Gov. Sanford Asks President to Protect Deep Sea Corals Off South Carolina Coast

    WASHINGTON, May 22 /PRNewswire-USNewswire/ -- In a letter sent

yesterday, Governor Mark Sanford of South Carolina asked President George

W. Bush to protect the unique deep sea coral reefs off the South Carolina

coast by establishing the area as a marine national monument. These

spectacular, but largely unexplored, reefs cover an area nearly the size of

South Carolina and stretch from North Carolina to Florida.

 

    (Photo: http://www.newscom.com/cgi-bin/prnh/20080522/DC23364 )

 

    "This deepwater coral ecosystem constitutes a national treasure on par

with Yosemite Valley and the Northwest Hawaiian Islands in its beauty and

deserves protection," wrote Governor Sanford in the letter to the

president.

 

    The governor was backed by 121 marine scientists who today released a

letter calling on the president to "expand protection for these corals and

commit the necessary resources to understand this important and vulnerable

ecosystem."

 

    "It's impossible to overstate how spectacular this area is and that's

why Governor Sanford's action is so important and visionary," said Dr. Doug

Rader, a marine biologist with Environmental Defense Fund. "Scientists have

only recently come to realize just how unusual these coral reefs are. We

now know that the reefs are one of the most important areas in the world

for marine life. There's nothing else like it and it's in our own

backyard."

 

    The fragile nature of these slow-growing and long-lived corals makes

them highly vulnerable to disturbance. Preserving these reefs - thriving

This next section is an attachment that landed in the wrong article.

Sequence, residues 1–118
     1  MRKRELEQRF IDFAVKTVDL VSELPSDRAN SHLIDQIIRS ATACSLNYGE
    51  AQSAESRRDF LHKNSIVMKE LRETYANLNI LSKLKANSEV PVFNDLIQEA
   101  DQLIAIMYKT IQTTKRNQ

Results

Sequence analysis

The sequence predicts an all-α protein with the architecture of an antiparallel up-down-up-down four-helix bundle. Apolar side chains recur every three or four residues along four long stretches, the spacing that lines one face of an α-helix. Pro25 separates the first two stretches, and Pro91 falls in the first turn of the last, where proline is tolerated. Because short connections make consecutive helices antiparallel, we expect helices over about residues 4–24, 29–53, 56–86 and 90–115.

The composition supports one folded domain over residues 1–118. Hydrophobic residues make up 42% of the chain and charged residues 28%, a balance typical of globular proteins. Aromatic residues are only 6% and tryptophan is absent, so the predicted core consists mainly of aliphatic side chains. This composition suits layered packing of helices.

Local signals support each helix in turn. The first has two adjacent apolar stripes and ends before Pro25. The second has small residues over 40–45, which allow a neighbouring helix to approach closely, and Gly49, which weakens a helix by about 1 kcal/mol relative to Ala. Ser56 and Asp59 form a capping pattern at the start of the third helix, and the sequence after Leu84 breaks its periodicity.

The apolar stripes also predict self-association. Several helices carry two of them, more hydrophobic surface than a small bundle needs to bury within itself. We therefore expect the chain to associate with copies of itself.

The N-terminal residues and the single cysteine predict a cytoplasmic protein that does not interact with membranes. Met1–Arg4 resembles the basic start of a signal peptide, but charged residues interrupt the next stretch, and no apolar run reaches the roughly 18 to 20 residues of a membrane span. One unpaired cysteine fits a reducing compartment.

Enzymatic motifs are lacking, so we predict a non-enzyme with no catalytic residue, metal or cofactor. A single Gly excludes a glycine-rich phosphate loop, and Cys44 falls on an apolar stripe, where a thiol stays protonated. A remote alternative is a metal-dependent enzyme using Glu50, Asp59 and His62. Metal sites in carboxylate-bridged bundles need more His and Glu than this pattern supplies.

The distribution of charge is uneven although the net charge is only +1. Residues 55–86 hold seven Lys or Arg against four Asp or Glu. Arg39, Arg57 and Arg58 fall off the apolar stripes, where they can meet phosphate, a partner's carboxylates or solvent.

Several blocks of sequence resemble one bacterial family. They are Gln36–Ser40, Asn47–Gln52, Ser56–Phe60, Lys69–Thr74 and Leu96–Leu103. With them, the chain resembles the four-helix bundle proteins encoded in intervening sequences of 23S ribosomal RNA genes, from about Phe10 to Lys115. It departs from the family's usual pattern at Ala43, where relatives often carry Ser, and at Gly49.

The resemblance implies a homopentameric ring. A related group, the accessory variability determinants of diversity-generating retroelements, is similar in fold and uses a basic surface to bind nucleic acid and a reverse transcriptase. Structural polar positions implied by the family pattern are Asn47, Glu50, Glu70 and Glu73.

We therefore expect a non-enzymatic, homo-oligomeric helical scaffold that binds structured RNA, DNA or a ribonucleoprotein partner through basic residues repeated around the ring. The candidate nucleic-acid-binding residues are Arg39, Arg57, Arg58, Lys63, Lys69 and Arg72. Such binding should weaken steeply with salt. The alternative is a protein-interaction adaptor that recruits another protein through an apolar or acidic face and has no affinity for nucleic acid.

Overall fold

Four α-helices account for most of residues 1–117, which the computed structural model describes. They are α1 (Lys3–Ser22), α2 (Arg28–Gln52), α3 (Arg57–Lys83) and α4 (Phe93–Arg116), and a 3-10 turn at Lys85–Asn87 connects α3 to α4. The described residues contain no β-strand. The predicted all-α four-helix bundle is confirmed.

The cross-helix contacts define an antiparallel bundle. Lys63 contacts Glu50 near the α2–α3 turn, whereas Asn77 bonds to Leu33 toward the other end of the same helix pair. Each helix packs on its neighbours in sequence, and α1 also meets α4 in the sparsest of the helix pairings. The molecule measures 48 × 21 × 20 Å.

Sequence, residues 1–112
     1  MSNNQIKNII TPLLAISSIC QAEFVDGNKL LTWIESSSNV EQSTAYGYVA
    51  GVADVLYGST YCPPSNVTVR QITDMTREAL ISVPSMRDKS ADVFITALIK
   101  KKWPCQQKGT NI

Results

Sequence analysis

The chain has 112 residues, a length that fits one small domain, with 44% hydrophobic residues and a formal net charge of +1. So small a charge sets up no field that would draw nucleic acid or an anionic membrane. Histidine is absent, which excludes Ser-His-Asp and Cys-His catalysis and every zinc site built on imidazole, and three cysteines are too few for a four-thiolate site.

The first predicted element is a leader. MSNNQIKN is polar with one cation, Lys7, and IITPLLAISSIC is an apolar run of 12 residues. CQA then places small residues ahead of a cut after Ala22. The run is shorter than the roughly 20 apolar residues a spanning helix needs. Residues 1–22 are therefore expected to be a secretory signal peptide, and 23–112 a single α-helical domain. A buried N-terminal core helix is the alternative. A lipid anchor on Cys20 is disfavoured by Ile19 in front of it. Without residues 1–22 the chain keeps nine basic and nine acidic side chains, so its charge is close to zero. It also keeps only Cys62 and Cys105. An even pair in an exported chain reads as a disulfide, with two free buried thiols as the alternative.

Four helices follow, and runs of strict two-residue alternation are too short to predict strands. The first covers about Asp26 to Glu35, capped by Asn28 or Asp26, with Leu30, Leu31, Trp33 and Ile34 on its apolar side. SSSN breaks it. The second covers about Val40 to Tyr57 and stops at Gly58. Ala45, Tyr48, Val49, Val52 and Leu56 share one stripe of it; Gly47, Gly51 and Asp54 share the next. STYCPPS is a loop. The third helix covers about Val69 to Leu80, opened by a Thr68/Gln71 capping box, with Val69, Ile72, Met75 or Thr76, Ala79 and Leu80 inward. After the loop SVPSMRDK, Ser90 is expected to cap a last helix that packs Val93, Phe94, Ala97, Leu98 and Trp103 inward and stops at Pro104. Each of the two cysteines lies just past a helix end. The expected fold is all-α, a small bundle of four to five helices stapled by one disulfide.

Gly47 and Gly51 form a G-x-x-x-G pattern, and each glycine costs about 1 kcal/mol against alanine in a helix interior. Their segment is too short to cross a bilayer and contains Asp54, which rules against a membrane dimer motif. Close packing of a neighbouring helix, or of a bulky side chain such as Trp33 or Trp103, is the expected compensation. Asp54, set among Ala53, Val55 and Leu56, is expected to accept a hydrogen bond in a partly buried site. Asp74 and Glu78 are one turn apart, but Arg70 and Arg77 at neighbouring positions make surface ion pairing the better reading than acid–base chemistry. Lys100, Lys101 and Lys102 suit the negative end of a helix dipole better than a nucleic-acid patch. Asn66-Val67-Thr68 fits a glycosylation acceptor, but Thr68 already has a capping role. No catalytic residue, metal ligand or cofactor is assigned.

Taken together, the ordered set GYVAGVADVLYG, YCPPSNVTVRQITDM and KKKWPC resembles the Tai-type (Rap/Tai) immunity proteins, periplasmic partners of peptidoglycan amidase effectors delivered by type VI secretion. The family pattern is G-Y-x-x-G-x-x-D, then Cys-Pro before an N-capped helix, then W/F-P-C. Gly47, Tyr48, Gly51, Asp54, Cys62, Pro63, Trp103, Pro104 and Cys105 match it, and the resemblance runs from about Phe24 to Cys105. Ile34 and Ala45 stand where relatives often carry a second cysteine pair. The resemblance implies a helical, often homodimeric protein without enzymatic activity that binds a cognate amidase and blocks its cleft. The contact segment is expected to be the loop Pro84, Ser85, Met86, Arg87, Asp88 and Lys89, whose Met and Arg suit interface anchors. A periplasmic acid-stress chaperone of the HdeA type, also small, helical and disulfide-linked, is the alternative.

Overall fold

since our forefathers first entered this land - will provide a safe haven

that will help them adapt to the changing oceans and ensure their survival

for our grandchildren and great grandchildren.

 

    "Every time we visit the reefs we see places no human has ever seen

before, and find new species," said Dr. Steve Ross, a researcher at the

University of North Carolina at Wilmington. Ross leads expeditions to the

reefs using submarines especially equipped to handle the intense pressures

of the deep ocean. "We now believe that worldwide deepwater corals cover

more area than shallow-water corals, and that the world's greatest

concentrations of deepwater corals exists here off the U.S. Southeast."

 

    The South Carolina Department of Natural Resources is working with the

South Atlantic Fishery Management Council to provide partial protection for

this coral ecosystem using existing authority. A monument designation would

support this process and extend durable, long-lasting protections. This is

an important step that will allow non-damaging fishing to continue while

preserving the unique coral habitats.

 

    "What a legacy Governor Sanford would leave if the president agrees

with his request to permanently protect this magnificent system of towering

corals and exotic fish," said Nancy Vinson, program director at the Coastal

Conservation League.

 

    Many of the coral reefs lie 1,000 feet or more below the ocean's

surface. Some of the coral colonies may be more than 2,000 years old and

some coral mounds may be more than one million years old.

 

    "From a scientific point of view, we've struck it rich - we've found a

treasure trove of marine biodiversity that we didn't know existed until

fairly recently," said Dr. Lance Morgan, Chief Scientist, Marine

Conservation Biology Institute. "With adequate protection, scientists will

be busy for decades finding new species and unlocking the secrets of these

reefs."

 

    About Environmental Defense Fund

 

    A leading national nonprofit organization, Environmental Defense Fund

represents more than 500,000 members. Since 1967, Environmental Defense

Fund has linked science, economics, law and innovative private-sector

partnerships to create breakthrough solutions to the most serious

environmental problems. For more information, visit http://www.edf.org

 

 

 

 

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